WORDS: DAVID FARRELL
In his newly released autobiography, David Farrell offers a rare insight into the day-to-day existence and the burning ambition of a journeyman footballer and coach. In an extract from the book, he reveals how he was forced to face reality when the strain of coaching took its toll and the football work dried up
Above: David Farrell’s new book offers an insight into the world of a journeyman footballer and coach
When you’re playing football the only pressure on you is that you have to perform for 90 minutes, once or twice a week. You have a natural talent, a skill and an ability that has managed to take you this far and you alone are the one who will dictate whether or not you can pull it off in a match. That’s the key difference between playing and managing/coaching.
When you’re playing, you only have to trust yourself. Do your best and play well, then everything will be okay. But when you’re on the other side of that white line you can perform to the best of your ability all week and set everything up perfectly, only for someone else to let you down. You have to trust your judgement, your team selection, your staff and your players and that’s where the pressure comes in. No matter what level you’re working at, you will never be able to trust EVERYONE to do their job, particularly at a club where there’s more back-stabbing going on than at a blind samurai convention.
And, to top it all off, you MUST succeed. That success could be challenging for a title, securing a top-six place or staving off relegation but, regardless of what the target is, the pressure becomes intense. Three dodgy results and you’re staring the ignominy of the dole queue in the face again. One defeat can mean that horrible, debilitating feeling of isolation, standing at the side of the pitch with worries of being sacked overcoming the fear of whether or not your opponents are going to score at the next corner.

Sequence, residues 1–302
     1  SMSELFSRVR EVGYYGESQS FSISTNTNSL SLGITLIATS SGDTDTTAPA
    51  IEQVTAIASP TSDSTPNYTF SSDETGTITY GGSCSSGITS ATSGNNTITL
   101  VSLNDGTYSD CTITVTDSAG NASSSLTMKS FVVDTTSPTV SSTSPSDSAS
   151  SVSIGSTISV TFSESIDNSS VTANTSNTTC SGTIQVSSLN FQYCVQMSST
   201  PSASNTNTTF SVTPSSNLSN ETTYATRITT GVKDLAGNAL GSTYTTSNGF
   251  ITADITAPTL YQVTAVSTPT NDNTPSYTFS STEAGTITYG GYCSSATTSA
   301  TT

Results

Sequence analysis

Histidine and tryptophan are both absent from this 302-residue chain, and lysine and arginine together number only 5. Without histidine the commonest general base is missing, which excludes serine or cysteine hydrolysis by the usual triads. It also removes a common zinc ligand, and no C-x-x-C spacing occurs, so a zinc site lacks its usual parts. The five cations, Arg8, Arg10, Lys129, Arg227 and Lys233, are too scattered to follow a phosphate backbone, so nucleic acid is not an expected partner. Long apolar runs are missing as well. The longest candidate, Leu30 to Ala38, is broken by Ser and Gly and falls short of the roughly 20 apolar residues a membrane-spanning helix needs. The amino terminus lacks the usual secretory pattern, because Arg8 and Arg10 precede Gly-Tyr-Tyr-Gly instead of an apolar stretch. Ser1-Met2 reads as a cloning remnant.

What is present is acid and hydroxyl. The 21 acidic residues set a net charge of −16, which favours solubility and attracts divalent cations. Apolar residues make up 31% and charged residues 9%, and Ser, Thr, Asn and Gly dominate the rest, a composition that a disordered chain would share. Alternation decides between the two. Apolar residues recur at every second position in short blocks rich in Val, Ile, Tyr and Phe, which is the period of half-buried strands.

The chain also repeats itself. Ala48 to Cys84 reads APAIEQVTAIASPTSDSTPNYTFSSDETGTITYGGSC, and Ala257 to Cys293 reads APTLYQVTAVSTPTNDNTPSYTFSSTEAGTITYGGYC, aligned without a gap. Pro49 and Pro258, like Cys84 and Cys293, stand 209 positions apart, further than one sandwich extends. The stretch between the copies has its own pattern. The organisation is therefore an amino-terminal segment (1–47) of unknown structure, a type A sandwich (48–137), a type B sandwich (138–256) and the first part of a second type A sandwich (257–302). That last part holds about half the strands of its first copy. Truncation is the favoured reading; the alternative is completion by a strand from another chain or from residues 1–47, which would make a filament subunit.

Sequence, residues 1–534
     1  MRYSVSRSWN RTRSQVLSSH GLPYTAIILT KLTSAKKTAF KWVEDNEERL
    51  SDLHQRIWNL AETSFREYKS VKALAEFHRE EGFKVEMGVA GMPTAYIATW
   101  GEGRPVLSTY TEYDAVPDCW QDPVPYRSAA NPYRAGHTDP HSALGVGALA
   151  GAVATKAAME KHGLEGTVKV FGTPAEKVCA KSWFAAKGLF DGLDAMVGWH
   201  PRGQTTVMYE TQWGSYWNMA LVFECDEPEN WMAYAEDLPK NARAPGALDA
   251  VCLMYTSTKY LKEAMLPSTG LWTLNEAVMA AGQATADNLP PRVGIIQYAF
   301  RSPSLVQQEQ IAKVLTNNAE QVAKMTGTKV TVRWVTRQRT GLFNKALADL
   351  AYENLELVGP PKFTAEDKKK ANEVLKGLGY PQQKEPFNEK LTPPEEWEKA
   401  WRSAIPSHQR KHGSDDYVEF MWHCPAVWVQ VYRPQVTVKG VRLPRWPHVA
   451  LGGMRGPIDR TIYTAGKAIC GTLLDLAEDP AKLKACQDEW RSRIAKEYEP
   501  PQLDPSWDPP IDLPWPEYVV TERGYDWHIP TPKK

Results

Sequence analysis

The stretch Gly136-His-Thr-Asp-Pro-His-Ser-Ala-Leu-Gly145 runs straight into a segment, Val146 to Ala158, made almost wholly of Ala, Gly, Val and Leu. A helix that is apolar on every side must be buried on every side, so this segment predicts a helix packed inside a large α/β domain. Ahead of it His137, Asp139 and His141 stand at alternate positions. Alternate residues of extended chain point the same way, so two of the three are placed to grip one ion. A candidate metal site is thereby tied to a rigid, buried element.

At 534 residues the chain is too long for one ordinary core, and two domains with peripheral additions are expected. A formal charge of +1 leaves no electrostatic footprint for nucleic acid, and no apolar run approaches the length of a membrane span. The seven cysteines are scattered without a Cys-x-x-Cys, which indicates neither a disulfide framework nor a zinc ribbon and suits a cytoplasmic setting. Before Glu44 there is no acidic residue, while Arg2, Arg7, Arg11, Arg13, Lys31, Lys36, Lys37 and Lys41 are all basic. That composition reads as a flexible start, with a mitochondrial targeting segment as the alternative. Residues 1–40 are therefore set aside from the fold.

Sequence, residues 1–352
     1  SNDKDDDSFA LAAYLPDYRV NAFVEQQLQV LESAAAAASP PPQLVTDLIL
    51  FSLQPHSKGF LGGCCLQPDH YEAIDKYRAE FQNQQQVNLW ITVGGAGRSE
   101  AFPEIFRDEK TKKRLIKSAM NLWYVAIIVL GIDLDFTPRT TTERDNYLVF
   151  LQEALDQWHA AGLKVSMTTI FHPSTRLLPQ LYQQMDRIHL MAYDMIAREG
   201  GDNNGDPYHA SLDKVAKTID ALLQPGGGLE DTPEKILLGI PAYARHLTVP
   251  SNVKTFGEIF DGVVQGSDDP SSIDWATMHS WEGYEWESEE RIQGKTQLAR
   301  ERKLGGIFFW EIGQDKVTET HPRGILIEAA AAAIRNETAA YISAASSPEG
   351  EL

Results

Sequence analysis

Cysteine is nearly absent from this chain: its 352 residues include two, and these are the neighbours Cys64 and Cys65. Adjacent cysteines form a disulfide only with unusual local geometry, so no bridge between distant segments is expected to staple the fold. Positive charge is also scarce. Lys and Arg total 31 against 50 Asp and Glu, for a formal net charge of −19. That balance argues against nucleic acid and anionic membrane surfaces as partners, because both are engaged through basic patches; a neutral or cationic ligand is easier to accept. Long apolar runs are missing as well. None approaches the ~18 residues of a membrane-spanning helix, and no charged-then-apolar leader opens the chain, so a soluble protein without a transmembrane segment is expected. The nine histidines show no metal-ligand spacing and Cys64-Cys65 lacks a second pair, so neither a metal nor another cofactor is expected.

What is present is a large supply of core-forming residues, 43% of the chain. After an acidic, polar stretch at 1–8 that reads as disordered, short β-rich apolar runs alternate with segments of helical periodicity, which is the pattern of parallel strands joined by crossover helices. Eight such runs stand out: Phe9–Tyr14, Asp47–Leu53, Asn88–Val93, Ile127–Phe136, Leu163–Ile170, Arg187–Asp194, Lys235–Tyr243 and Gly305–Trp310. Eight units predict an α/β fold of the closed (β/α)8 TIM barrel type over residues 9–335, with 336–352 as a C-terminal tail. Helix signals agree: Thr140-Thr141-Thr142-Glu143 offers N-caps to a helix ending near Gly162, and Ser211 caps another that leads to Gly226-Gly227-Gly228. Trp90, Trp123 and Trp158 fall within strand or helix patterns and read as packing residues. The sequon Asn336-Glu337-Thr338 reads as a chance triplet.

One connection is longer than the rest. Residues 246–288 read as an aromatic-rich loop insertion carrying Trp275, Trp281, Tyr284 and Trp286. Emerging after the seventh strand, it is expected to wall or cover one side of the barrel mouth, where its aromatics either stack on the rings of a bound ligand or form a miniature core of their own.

The only way I can describe it is the feeling of being claustrophobic and stuck in a lift full of people. The only air left to breathe is in the space above you and, with every floor, and each addition, the air is diminishing. Except the floors are matches and the lift is a stadium and, whether there are 250 people or 25,000 in the ground, every one of them is sucking the oxygen from around you. With every goal that flies past your hapless defence you get closer to suffocating. They’re looking at you, they’re all looking at you and begging you to turn it around. You vow to work harder and fight to save your position but by now the elevator is dropping like a stone and, no matter how many buttons you press, it’s not stopping.
I’m not even claustrophobic.
And the feeling isn’t even confined to the ground. You take it home with you, constantly pre-occupied and short tempered. The kids wonder what they’ve done wrong when an innocent request for some ‘Dad and Hannah’ time is met with a snarl. All you can think about is staying in a job. What do we do this week? Will we change training? Who’s fit? What waste of space is injured again? HOW LONG WILL WE GET???
Night time is the worst. Wide awake at 3am, thinking about team formations and results. Even when you’re winning you’re only ever one or two results away from the fans mounting your back again, so the pressure to keep doing well is equally intense.
Constantly apologising at night for keeping Samantha awake, I’d go downstairs and perversely put on Sky Sports News to keep my mind off the football. Allan Preston told me that, when he was manager of Livingston, he’d keep a pen and paper at the side of his bed so that when he woke up (which was inevitable) he could keep a note of what he’d been thinking about so he wouldn’t forget it in the morning.
I’ve heard fans say ‘that’s not REAL pressure, real pressure is when you can’t put food on the table’ on numerous occasions and ‘you can’t be feeling pressure when you’re being paid so much’ just as many times. Unless you’ve managed to stumble upon this chapter without reading the rest of the book, you’ll know that I was never exactly rolling in it. I know what only ever being two or three games from signing-on again means to most people in the game.
I’m also aware that just because someone was at the opposite end of the earnings scale to me it doesn’t mean they’re immune from that very real, very suffocating pressure. Before I started coaching, I bumped into my old teammate Andy Watson, then assistant manager at Rangers. Over a beer he talked about the stresses of the role. They had just won the treble but were going through a tough period, the following season when Celtic were dominating and, in Andy’s words, he and his gaffer Alex McLeish were under pressure. In my naivety I said things couldn’t be that bad as he was earning a few quid for his troubles.